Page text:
A friend said that when she was a girl she heard today’s Gospel
in church and thought, "That’s awfully hard! But no one does it in
my church so I don’t have to do it." If ever I were tempted to
change the Gospel reading, this would be one of those Sundays I
would give in and look for an easier one. (Actually, there are no
"easy" passages, but some seem to require less of a gut-wrenching
struggle for the preacher.)
In the Brooklyn neighborhood where I grew up this Gospel flies in
the face of the behavior we learned from earliest childhood. You
would be laughed to scorn if you suggested, "love you enemies, do
good to those who hate you, bless those who curse you, pray for
those who mistreat you." And, of course, no would have suggested,
"turn the other cheek." Even if it were noted, "Jesus said it,"
someone wold surely have retorted, "Yeah, well that was back then,
this is now." Or, "Well he could do it because he was God, he can’t
expect us mere humans to do that." And since it was Brooklyn, some
kid would certainly have added, "Whada ya nutz?"
You can see why this preacher would be tempted to find another
reading. Who wouldn’t? There are just too many innocent people
suffering at the hands of tyrants in the world to make this passage
acceptable at first glance. Maybe we would be "nutz" to take it
seriously. But then again, considering the condition of our world,
nothing else seems to be working. Let’s not dismiss this passage too
handily. Let’s give it a chance to speak its liberating message to
Jesus is asking a lot, a whole lot! It’s perfectly clear that he
isn’t just presenting a slightly improved way to live, an ethical
code a notch or two above other such codes. He’ not just proposing a
way of behaving that good people, with extra effort, might try. "Be
just a bit kinder...bite your lip and forgive one more time...." If
he were doing that, we wouldn’t need him, we could, with effort,
manage it on our own and then collect our hard earned reward from
Jesus is introducing something entirely new. Not just a new code
of ethics; but a whole new age with an entirely new way to live with
one another. Those who enter this "new way," this new reign, find
themselves animated by a different Spirit. Their whole lives are
changed, down to the very core. They now look at life through a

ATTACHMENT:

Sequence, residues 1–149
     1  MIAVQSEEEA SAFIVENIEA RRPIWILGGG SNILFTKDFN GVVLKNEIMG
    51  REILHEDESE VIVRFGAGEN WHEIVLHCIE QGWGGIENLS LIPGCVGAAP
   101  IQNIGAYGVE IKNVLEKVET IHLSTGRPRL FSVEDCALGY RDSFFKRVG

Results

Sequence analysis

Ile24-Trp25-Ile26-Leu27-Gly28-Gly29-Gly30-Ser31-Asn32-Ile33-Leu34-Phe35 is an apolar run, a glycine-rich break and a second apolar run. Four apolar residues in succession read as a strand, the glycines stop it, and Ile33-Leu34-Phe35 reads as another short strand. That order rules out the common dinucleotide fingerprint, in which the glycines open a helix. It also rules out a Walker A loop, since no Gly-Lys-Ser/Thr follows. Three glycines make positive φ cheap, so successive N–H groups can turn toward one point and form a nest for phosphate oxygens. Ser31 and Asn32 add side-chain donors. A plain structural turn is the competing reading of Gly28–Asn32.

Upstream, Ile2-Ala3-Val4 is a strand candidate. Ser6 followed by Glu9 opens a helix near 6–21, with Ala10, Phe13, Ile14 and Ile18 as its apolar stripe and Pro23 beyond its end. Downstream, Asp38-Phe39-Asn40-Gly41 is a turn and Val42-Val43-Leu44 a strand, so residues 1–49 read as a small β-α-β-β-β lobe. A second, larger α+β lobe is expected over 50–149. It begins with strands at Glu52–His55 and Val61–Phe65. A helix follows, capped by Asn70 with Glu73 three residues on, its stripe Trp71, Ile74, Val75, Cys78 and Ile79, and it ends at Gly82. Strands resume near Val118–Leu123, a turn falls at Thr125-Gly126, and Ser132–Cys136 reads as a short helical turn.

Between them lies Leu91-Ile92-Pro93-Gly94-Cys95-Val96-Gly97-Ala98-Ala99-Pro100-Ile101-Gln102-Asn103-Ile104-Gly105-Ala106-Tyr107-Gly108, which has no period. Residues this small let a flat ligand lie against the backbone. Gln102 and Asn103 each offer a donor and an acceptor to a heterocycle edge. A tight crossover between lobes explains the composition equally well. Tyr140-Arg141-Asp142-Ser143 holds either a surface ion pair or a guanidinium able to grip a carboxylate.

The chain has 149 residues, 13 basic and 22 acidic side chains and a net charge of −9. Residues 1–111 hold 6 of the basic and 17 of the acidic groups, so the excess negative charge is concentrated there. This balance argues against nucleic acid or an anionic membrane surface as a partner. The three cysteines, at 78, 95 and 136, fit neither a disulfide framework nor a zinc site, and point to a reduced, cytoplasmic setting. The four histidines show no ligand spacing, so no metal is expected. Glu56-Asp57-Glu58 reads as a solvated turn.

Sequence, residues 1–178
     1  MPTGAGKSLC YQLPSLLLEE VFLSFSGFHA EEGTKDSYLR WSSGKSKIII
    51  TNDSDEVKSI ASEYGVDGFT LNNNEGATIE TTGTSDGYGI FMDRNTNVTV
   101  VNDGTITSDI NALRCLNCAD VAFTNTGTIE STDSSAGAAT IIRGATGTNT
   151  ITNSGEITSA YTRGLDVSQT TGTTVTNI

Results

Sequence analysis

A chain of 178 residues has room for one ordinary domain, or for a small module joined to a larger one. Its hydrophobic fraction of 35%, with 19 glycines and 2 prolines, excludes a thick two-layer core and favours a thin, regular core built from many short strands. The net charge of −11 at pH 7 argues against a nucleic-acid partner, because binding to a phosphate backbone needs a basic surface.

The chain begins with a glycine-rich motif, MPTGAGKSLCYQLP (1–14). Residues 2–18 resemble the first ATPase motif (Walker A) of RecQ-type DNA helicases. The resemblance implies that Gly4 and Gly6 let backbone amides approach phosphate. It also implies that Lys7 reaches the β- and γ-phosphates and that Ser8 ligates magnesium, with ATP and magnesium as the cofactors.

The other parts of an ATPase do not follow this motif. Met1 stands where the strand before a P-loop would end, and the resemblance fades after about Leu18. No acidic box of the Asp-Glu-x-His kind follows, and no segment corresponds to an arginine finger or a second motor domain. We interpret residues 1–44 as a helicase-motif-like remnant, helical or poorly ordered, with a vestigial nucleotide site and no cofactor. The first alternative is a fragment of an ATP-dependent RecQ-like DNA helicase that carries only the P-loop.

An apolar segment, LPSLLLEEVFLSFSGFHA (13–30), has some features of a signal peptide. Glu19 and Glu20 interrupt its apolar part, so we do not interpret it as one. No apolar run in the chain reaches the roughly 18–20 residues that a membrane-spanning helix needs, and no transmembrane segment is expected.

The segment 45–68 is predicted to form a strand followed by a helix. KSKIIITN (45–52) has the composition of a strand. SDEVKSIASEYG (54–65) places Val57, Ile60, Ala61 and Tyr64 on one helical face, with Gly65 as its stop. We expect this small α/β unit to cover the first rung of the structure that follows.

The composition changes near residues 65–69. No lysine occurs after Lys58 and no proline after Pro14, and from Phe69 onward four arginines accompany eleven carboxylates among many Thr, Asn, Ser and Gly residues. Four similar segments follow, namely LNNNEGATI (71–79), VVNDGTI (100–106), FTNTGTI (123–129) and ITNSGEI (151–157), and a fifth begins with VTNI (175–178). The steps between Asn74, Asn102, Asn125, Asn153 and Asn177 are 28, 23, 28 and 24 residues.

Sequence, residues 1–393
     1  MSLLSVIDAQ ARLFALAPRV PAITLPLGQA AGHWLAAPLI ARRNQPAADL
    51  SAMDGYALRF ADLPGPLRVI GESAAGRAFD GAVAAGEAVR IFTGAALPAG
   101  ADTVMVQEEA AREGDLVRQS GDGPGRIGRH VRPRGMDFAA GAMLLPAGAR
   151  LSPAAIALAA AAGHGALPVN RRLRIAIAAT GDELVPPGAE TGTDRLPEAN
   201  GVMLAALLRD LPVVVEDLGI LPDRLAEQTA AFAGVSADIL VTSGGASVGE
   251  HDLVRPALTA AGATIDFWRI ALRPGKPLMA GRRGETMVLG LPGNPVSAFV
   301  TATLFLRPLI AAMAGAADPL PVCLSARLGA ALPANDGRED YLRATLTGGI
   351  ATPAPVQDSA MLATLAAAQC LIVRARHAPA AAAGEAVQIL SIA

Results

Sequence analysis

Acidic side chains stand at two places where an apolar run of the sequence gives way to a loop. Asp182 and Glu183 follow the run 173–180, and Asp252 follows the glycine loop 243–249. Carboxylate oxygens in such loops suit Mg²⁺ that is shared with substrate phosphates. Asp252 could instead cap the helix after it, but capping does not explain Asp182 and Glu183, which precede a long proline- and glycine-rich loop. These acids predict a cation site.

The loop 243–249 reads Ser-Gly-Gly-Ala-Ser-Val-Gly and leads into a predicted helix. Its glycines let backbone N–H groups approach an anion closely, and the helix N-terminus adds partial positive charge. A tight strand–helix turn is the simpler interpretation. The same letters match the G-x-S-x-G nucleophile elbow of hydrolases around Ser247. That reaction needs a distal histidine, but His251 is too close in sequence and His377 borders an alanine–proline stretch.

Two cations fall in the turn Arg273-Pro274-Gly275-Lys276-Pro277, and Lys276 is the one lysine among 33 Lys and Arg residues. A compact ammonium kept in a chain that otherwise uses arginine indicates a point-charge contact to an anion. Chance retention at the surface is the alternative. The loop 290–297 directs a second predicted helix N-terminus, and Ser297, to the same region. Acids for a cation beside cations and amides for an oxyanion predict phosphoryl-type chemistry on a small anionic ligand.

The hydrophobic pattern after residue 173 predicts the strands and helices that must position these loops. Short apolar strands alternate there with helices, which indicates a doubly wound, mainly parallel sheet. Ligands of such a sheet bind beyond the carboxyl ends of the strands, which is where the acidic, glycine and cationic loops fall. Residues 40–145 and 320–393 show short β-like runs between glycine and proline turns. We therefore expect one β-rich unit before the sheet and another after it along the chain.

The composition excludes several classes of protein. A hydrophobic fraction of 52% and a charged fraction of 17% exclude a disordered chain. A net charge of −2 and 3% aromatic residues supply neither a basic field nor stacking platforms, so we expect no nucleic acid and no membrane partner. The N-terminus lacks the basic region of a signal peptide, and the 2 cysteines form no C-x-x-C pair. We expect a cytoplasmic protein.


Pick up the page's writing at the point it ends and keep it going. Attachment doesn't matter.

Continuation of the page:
different lens. What seems so contrary to ordinary human wisdom, now
comes, as if, by second nature, for the citizen of God’s dominion.
The members of the reign whose presence Jesus announces, see
themselves and others, by the light Jesus has introduced into the
I don’t look upon Jesus’ teachings as things I must do to please
God, to earn merit, or to get to heaven. Rather, I first believe
that he has done something radically new in my life, as a result, a
new life in me urges and motivates me to an entirely new way to
live. It is because I have this new life that I can receive these
teachings as a guide to another way of interpreting my life and the
life of those around me. Through my Gospel eyes and ears I take in
the world differently and I respond to it differently. When wronged
I try to respond in a way that reflects Jesus’ ongoing presence
living in me. I know that I cannot continue to act and react as
everyone else does. That would mean Jesus is dead, that his
resurrection never took place and that his Spirit does not live in
the world. Rather, the life he lived has become a possibility for me
too. What would seem impossible behavior, based on the usual human
reckoning, now is possible. Now it is possible to love and forgive
in the way Jesus did.
The most difficult part of Jesus’ teaching is to consider its
consequences for those who have suffered abuse, who have been
victimized. Some people might misinterpret Jesus and hear him saying
that they are to remain victims and suffer abuse. Jesus isn’t
telling us to be victims. (I am helped in interpreting this passage
by the insights of Fred Craddock and Robert Schreiter, C.PP.S.).
Craddock reminds us that the people to whom Jesus is speaking are
the most poor, victims of abusive Roman power and wealthy land
owners. He suggests Jesus’ teachings are about how not to be a
In verses 27-31 Jesus is saying: take charge of your life and the
situation, by taking the initiative in loving, caring and giving.
The second section of this passage (32-36) is like the first,
telling us not to reciprocate. But where the former was applied
towards those who mistreat us, this section is applied to those who
treat us favorably. In both cases, our behavior is not determined by
either a friend or an enemy. We act the way we do because of the God
we worship ("be merciful as your Father is merciful"). God does not
hold back forgiveness from those who have previously not been
friends with God. Nor does God treat harshly those who have not
previously loved God. Our norm is God – not society. If God is the
criteria for our behavior, then how dependent we are on God’s
graciousness to help us fulfill this teaching!
The third section (verses 32-36) underlines just how generous God
has been to us – "a good measure, packed together, shaken down and
overflowing will be poured into you lap." This verse seems to
overflow and dominate the last one that speaks of getting back to
the extent that we give others. God is busy at work, transforming
and encouraging us to be to others what God has been to us. Jesus
doesn’t allow us to draw a circle around family, friends and good
neighbors, placing only them under the umbrella of our love. He
won’t let us be the determinant of who is "deserving" of our
beneficence. He bursts through our categories and beyond our natural
inclinations to love and enables us to reflect the divine presence
at work in us.
In addressing the case of victims, Robert Schrieter says, "...
God initiates the work of reconciliation in the lives of the
victims." Ordinarily we would expect reconciliation to begin with
the repentance of the wrongdoers. But experience shows that
wrongdoers are rarely willing to acknowledge what they have done or
to come forward of their own accord. If reconciliation depended
entirely upon the wrongdoers’ initiative, there would be next to no
reconciliation at all.
God begins with the victim, restoring to the victim the humanity
which the wrongdoer has tried to wrest away or to destroy. This
restoration of humanity might be considered the very heart or
reconciliation. The experience of reconciliation is the experience
of grace – the restoration of ones’ damaged humanity in a
life-giving relationship with God (Gen 1:26). It is that image by